Lead levels in Bay Area air were 15x higher during worst of Camp Fire, report says

SAN FRANCISCO (KGO) -- Californians are starting to get a glimpse at the toxic effects of wildfires on their health.

The California Air Resources Board just released a new report studying the long-term effects of the Camp Fire, which burned in Butte County in 2018.

Officials are mainly concerned about the metal particles released in the air. Just here in the By Area, lead levels spiked to 15 times higher than normal during the worst of the Camp Fire.

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There is also concern about respiratory effects.

Corrie Hendrix, who lives in Butte County, says she easily gets out of breath: "I've been able to get over having attacks. If I get a cold, I go on a nebulizer treatment and some steroids and then I'm good. But since the Camp Fire, it's been an ongoing struggle."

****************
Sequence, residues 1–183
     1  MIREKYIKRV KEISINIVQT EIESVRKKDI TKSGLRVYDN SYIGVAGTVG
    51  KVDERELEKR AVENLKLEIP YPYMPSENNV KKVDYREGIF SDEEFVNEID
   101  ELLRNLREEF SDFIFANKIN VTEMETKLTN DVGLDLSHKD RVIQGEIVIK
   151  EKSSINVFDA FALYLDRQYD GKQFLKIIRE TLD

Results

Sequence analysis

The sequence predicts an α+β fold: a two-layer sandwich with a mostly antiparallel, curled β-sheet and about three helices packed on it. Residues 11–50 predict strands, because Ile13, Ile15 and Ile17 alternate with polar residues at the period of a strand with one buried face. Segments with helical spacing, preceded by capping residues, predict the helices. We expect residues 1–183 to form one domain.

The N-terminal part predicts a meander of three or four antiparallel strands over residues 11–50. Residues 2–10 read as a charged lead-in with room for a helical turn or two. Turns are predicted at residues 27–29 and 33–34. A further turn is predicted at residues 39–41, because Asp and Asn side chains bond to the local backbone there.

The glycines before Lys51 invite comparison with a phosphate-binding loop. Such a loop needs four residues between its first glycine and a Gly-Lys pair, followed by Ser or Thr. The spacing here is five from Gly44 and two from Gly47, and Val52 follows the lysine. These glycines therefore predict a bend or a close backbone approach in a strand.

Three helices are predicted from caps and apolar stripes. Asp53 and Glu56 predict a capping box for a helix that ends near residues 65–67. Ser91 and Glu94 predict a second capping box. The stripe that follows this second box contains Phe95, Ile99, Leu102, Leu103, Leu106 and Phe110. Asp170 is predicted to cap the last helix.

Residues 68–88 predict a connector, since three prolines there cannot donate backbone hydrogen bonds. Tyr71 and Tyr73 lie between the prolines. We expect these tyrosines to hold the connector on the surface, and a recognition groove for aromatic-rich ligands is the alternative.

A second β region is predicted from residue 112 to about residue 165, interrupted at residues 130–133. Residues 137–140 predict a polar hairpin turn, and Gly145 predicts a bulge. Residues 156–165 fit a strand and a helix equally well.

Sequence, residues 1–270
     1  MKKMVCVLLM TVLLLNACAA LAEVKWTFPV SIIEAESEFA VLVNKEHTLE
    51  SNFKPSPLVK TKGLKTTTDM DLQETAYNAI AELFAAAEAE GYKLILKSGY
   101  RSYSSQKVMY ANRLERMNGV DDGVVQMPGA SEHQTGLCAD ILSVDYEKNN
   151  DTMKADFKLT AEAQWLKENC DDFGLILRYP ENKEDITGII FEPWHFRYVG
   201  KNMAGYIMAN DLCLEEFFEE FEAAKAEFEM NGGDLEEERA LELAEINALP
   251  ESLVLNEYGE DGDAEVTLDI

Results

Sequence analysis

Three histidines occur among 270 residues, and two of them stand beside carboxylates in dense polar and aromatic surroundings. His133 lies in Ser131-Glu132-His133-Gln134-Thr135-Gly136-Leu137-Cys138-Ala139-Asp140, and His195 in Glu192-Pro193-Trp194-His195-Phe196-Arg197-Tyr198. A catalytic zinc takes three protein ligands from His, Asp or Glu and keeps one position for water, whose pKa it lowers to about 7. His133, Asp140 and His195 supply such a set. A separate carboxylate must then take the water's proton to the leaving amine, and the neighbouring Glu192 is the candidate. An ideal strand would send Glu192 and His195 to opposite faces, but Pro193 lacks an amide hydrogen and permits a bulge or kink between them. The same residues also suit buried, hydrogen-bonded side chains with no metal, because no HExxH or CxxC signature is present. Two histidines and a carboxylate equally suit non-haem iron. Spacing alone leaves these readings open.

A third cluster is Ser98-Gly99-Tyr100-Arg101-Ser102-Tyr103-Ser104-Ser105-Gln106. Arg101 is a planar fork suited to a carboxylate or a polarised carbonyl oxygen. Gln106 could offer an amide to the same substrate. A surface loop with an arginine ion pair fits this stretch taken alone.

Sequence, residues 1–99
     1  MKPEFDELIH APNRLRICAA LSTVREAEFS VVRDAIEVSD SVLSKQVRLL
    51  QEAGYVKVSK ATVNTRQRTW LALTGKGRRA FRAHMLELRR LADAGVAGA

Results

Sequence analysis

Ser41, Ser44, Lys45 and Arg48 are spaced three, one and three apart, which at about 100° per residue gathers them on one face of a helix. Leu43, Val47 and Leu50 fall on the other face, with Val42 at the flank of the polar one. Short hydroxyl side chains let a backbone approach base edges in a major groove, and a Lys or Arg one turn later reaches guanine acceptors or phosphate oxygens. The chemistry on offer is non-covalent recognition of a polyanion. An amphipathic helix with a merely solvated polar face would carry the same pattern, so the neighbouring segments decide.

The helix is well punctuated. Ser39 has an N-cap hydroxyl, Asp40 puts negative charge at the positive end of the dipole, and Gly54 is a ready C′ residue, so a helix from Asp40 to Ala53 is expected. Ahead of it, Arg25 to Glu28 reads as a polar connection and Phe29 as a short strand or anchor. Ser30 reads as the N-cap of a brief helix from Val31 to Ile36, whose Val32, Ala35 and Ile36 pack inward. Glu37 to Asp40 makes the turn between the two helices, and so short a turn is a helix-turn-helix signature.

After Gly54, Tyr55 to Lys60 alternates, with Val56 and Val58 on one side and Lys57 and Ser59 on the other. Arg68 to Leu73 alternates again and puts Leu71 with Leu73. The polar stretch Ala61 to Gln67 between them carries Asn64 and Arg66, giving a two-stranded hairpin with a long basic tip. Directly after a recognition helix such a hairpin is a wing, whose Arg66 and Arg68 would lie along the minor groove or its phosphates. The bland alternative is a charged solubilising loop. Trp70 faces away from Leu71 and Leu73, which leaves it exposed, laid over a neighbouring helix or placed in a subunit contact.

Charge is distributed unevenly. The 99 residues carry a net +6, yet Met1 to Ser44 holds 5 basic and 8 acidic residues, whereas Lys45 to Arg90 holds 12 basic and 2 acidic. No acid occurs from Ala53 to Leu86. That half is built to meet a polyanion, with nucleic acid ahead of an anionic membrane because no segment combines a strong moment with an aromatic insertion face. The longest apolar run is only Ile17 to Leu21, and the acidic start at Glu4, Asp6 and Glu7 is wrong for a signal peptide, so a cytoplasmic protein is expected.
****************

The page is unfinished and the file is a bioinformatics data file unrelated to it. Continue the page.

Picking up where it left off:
People with existing respiratory issues -- like asthma -- are more susceptible to health problems from wildfires.

VIDEO: Wildfires produced up to half of pollution in US West, according to study
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Wildfire smoke accounted for up to half of all health-damaging small particle air pollution in the western U.S. in recent years as warming temperatures fueled more destructive blazes, according to a study.

Read the full report here.

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